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March of the Zealots: a report from ‘Jerusalem Day’

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Ecstatic Zionists celebrating the 50th anniversary of Israel’s conquest of East Jerusalem, this past Wednesday, were greeted by equally passionate Jewish-American and Israeli protesters intent on blocking the zealots’ march through the Damascus Gate of Jerusalem’s old city, into the heart of the Arab quarter.

The annual March of the Flags — commemorating the unification of east and west Jerusalem in the wake of the June 1967 war — is customarily accompanied by tribal chanting and acts of hooliganism, as young Israelis parade through the old city’s narrow alleyways chanting rousing slogans such as “Death to Arabs.” Israeli police ensure in advance that Palestinian shops are shuttered tight — a process referred to as ‘sterilization’. Hard to imagine a sensible shopkeeper doing otherwise.

Israeli police prepare for sterilization.

In response to this year’s display of Zionist supremacy, members of the groups If Not Now, Free Jerusalem, All That’s Left and J Street U locked arms at the threshold of the gate, singing songs and holding their ground. It took an hour for police to violently clear them out, dragging or carrying them as they yelled and screamed. One protester suffered a broken arm.

I had arrived on the scene hours earlier, in a Palestinian bus from Beit Jala. At the Jaffa Gate, beyond a large tour bus marked ‘Birthright Israel’, a large crowd of Zionist youth waved flags and cheered as they made their way toward a set of stairs leading to the ramparts of the holy, walled city. Throughout the Jewish quarter, a sense of festivity wafted through the warm spring air. Many wore Israeli flag T-shirts.

Well protected Israeli youth tour old Jerusalem

Groups of young Jews strolled down the narrow alleys leading toward the Arab quarter, accompanied by armed police and security. I came across a group of women joyously singing verses from the Torah.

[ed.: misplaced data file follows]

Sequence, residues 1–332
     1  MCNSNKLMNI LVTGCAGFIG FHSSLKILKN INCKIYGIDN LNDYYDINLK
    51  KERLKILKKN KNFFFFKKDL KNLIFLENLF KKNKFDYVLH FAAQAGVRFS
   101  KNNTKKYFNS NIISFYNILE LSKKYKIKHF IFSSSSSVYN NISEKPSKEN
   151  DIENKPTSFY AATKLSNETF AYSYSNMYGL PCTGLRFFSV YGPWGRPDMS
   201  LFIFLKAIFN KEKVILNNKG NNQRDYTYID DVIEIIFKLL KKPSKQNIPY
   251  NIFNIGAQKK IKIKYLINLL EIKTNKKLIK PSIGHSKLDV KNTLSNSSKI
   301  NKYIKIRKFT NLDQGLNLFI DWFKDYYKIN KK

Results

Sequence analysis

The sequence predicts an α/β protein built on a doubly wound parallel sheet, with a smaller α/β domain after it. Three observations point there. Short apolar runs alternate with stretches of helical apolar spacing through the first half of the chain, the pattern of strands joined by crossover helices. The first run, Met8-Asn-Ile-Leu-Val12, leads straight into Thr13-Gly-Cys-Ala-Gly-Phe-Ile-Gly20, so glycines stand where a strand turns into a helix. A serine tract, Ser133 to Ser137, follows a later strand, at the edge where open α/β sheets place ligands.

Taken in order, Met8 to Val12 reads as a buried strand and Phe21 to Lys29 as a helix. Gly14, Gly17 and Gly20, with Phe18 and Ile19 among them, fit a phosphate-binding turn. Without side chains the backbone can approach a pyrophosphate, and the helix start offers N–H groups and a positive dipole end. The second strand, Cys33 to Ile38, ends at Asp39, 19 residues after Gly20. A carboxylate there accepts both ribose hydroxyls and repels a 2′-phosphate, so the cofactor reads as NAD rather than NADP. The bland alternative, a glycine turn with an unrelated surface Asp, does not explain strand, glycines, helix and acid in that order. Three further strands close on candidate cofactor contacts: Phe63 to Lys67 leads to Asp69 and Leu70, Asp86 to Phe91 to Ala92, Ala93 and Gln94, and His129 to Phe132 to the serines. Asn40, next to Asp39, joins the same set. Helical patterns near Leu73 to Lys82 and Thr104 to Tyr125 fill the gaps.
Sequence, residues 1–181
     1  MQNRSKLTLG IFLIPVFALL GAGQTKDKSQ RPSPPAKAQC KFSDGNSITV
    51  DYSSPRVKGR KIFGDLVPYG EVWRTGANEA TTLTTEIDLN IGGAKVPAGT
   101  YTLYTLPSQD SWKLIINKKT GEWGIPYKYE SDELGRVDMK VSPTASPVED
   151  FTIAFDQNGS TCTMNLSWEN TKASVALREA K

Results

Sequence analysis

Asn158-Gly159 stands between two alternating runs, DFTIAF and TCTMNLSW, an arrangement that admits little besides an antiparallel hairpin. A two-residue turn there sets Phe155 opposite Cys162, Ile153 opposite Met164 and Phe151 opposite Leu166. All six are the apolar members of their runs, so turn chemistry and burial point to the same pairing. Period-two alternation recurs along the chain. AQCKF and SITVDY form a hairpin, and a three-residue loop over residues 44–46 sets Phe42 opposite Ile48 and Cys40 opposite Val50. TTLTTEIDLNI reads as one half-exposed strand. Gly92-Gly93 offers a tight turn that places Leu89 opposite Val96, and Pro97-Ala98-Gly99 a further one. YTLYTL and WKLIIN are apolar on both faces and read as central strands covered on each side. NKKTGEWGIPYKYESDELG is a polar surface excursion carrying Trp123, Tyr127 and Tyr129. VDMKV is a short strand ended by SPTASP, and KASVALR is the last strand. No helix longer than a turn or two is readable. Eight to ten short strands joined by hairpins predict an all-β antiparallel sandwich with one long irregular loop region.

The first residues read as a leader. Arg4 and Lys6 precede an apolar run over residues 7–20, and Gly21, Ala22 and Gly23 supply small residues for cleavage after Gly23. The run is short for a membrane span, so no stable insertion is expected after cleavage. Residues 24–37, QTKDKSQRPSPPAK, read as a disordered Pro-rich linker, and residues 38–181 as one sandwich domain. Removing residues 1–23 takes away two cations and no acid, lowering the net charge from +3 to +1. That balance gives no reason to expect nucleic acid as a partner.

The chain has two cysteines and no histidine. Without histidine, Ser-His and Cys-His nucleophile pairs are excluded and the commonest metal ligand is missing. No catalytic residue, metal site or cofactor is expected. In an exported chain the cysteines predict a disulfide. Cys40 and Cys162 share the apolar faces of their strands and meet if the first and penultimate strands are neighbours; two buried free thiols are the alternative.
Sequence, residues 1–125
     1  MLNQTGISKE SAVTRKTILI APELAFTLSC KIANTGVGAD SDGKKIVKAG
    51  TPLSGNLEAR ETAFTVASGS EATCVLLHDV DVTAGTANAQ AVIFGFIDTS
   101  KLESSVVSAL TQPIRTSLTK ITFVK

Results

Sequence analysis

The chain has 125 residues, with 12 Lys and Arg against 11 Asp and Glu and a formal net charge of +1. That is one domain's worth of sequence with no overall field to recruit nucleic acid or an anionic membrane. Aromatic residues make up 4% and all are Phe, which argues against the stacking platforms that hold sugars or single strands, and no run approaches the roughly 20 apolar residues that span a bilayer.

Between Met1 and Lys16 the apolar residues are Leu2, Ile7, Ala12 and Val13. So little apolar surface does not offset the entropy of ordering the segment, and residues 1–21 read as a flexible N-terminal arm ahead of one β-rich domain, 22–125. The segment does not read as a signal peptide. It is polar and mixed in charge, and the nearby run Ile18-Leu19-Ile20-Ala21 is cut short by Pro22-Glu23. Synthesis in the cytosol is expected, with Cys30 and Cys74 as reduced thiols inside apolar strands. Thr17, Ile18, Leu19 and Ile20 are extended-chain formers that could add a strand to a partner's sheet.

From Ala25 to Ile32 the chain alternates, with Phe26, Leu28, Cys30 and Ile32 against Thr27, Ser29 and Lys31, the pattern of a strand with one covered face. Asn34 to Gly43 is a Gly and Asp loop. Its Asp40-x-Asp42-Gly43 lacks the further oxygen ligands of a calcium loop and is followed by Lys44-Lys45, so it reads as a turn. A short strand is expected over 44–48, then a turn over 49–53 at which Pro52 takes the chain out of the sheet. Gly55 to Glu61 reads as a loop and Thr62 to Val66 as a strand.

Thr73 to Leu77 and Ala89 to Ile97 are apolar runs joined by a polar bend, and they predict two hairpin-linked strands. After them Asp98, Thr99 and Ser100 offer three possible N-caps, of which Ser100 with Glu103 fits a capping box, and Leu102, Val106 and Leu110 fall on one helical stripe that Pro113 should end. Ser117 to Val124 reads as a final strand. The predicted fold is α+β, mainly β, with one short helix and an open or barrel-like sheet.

I walked down the Suq Khan Ez-Zeit towards the Damascus Gate. Normally, the suq is packed with tourists and shoppers. Today was quiet. Outside a popular grill beyond the gate, I came across the Jewish-American protesters, gearing up to do some shopping, in support of the local economy.

Young women sing ecstatically.

As the critical hour approached, I came across them again, just inside the Damascus Gate, filling the seats of a juice shop. Tensions were rising. Nearby, an African-Palestinian by the name of Ali Jiddah explained to a Japanese film crew the ugly way Jerusalem Day typically unfolds. Ali, an independent tour guide, is well known here. The “Mayor of Jerusalem,” he’s called. Ali spent almost two decades in Israeli jails. Concerns over the Palestinian prisoners’ Freedom and Dignity strike show on his face.

Palestinian man rescues his wife

I decided to check out Damascus Gate plaza, where film crews and photographers had begun to gather. A scuffle broke out on the upper steps, and everyone rushed over to catch a glimpse. Hard to tell what had transpired. A middle-aged man was shielding his wife from the aggressive advances of a burly policeman.

Suddenly, in the center of the plaza, a mob of young Jews began prancing in a big circle, chanting loudly. The time of reckoning had arrived.

Proud Zionists dance and chant.

I turned around and saw that the American and Israeli protesters had taken up position, arms locked, a banner reading ‘End the Occupation’ in English and Hebrew clutched to their chests.

The Zionists marched towards them, snatching away their flag. Some shoved their way around the protesters. Others pulled back and watched, as Israeli border police arrived in numbers.

American Jewish activists blocking Damascus Gate.